Every minute counts during a cardiac arrest, experts say.
The sooner the signs are recognized and life-saving procedures started, the better one’s chance of survival.
In Boyd County, the odds are good a cardiac-arrest patient will get critical care faster than in most other places because of ongoing collaborations between the public, health officials, first responders and local hospitals.
On Thursday, Boyd County was honored as a HeartSafe Community during a ceremony at King’s Daughters Medical Center.
Boyd is the fourth Kentucky community to earn the designation, which was created in 2011 by the Kentucky Department for Public Health in conjunction with the American Heart Association. HeartSafe Communities, according to the DPH, “meet a combination of factors viewed as preferable in a community’s ability to recognize and respond to a cardiac arrest.”
These factors include early access to emergency care in which bystanders recognize the symptoms of cardiac arrest and immediately dial 911 and cardiopulmonary resuscitation, defibrillation and advanced care delivered by a response vehicle staffed by advanced life support personnel.
Boyd achieved the designation through years of efforts dedicated to collaboration between agencies, advanced training for first responders, implementation of new technology and aggressive public education, in addition to KDMC’s own efforts to improve advanced cardiac procedures.
“This designation means we meet the stringent standards to promote and support the critical chain of events that occur around cardiac-arrest patients,” said KDMC CEO Fred Jackson.
Jackson said the designation has taken years to achieve, with efforts dating to at least 2006, when 12-lead EKGs were introduced into local ambulances and automated external defibrillation devices began being placed around the community.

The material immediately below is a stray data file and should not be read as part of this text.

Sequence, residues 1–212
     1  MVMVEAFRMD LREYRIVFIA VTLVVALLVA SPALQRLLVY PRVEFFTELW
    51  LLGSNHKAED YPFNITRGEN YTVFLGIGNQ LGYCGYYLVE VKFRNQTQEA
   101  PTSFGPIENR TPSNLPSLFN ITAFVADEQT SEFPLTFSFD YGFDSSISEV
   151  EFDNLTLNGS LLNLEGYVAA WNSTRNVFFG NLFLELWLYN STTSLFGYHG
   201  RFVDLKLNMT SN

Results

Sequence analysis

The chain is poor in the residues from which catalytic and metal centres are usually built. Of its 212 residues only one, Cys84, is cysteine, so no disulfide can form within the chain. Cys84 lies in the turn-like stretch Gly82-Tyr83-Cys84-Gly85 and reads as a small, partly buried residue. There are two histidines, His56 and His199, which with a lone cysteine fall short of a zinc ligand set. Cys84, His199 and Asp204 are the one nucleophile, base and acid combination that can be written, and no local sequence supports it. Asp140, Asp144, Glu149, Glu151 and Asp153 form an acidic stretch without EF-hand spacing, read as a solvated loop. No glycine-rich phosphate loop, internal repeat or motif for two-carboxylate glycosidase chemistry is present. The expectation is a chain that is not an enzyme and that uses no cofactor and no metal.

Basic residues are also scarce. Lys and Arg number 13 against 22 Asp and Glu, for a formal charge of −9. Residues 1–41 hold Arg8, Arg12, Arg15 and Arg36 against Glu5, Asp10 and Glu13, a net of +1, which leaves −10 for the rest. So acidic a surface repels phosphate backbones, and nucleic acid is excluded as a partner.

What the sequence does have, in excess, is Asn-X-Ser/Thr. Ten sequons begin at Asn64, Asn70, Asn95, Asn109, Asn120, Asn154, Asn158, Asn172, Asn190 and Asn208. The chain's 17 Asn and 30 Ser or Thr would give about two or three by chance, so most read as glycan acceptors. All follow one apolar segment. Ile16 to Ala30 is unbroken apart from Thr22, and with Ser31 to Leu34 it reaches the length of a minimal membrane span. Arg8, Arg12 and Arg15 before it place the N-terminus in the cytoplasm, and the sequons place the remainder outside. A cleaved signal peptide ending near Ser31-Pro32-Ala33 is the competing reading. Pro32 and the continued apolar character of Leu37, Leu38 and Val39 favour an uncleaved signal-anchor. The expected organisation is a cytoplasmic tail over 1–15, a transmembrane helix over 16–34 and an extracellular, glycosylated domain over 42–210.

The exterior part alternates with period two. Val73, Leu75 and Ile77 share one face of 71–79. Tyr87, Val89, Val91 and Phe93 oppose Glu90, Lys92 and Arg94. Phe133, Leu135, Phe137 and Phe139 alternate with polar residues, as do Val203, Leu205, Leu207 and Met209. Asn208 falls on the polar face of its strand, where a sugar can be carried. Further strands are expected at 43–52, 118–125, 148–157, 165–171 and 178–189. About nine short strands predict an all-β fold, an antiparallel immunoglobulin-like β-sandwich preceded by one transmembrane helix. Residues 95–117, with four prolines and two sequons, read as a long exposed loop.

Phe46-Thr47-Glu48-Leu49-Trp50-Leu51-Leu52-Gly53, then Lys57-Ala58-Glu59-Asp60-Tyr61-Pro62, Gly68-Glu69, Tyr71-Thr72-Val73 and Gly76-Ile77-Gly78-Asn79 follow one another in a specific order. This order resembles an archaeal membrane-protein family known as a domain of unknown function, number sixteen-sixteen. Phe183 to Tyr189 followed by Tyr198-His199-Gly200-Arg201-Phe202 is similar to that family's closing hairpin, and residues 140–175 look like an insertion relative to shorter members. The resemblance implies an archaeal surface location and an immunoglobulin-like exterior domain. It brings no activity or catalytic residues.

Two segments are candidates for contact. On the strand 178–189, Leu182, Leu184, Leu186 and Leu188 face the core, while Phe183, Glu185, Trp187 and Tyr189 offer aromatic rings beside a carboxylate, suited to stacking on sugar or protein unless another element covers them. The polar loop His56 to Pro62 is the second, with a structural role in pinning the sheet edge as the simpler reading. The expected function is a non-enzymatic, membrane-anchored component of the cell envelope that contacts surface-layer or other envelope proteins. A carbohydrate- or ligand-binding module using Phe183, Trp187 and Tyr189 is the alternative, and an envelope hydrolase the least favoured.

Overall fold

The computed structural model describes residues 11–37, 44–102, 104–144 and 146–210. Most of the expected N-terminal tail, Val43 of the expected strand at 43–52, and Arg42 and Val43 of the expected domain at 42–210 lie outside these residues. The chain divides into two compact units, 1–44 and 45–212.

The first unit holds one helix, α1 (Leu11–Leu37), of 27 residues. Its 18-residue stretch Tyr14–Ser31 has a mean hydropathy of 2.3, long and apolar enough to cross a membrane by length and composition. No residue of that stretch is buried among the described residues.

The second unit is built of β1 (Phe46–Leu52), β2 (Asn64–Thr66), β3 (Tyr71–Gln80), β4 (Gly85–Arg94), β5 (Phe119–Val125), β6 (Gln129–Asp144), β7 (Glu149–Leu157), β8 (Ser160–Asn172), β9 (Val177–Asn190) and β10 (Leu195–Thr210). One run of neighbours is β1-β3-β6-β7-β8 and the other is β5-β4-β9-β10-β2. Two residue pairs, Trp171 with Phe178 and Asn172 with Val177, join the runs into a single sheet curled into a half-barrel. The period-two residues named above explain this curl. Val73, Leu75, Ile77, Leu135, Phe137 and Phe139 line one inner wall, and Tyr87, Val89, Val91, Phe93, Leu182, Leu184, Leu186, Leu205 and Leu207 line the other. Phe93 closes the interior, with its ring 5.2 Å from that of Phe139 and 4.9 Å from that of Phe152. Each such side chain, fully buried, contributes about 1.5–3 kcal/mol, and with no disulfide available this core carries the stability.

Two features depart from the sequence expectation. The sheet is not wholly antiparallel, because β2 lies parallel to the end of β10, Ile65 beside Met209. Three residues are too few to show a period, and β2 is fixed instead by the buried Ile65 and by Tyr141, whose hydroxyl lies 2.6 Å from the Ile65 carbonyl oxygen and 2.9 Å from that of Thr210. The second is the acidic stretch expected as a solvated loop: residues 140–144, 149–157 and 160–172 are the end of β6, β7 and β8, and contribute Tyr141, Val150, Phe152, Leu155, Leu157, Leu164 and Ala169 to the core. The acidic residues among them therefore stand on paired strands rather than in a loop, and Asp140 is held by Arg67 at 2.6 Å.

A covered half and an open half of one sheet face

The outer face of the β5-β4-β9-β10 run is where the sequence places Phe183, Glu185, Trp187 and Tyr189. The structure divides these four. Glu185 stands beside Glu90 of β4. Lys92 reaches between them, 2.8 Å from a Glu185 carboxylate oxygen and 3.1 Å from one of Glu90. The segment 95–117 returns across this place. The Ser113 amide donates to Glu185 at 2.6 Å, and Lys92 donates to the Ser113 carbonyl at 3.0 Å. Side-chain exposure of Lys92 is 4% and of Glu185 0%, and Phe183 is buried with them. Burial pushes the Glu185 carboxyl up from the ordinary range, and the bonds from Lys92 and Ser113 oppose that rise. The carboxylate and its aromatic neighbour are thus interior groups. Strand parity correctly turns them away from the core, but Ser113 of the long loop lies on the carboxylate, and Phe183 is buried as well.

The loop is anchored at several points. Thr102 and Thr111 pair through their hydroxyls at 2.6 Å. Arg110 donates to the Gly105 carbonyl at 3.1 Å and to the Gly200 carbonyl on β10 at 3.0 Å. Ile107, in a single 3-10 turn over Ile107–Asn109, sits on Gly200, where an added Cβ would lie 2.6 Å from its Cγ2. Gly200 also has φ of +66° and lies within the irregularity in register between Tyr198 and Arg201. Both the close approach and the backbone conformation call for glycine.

These efforts, along with others implemented inside the hospital, have contributed to whittling down the time it takes for a cardiac event to be recognized and for a patient to have a blocked artery opened via a heart catheterization.
“We know that time is absolutely critical. ... They tell us every minute that is wasted or lost, seven to 10 percent of heart damage occurs within that time period,” Jackson said. “It is absolutely critical that speed and accuracy are effected well.”
“We would like to thank all of our first responders, public safety professionals, emergency medical services providers, King’s Daughters Medical Center and other trained community members who are working together to ensure our residents live in a HeartSafe Community,” said Boyd County Judge-Executive William “Bud” Stevens.
“We really don’t realize how important rapid access to life-saving treatments is at both prehospital care and our medical center,” he said.
In 2012, Boyd County first responders answered more than 1,400 calls for potential cardiac arrests, strokes and unresponsive patients, Stevens said, noting most of the patients were transported to KDMC.
“This award just validates that we are doing the right things for our community,” said Regina Stout, director of the Kentucky Heart Foundation, which applied for the designation. “It gave us an opportunity to bring recognition to the fact we do have these collaborations, that we are partners in the community.”
“It’s a bringing together of all the efforts we’ve made,” agreed Tom Adams, director of the Boyd County Emergency Medical Service. He said the award won’t stop the pursuit of even better technology and response times.
“It’s a constant, ongoing thing. We are constantly seeing where we can improve, seeing where the weak spot is, even if it isn’t weak, and making it stronger,” he said. “There are still devices and procedures that we look at and review and study to see if they fit into what we have.”
CARRIE STAMBAUGH can be reached (606) 326-2653 or email@example.com.
Ceremony at KDMC focused on patient care because of collaboration
Every minute counts during a cardiac arrest, experts say.
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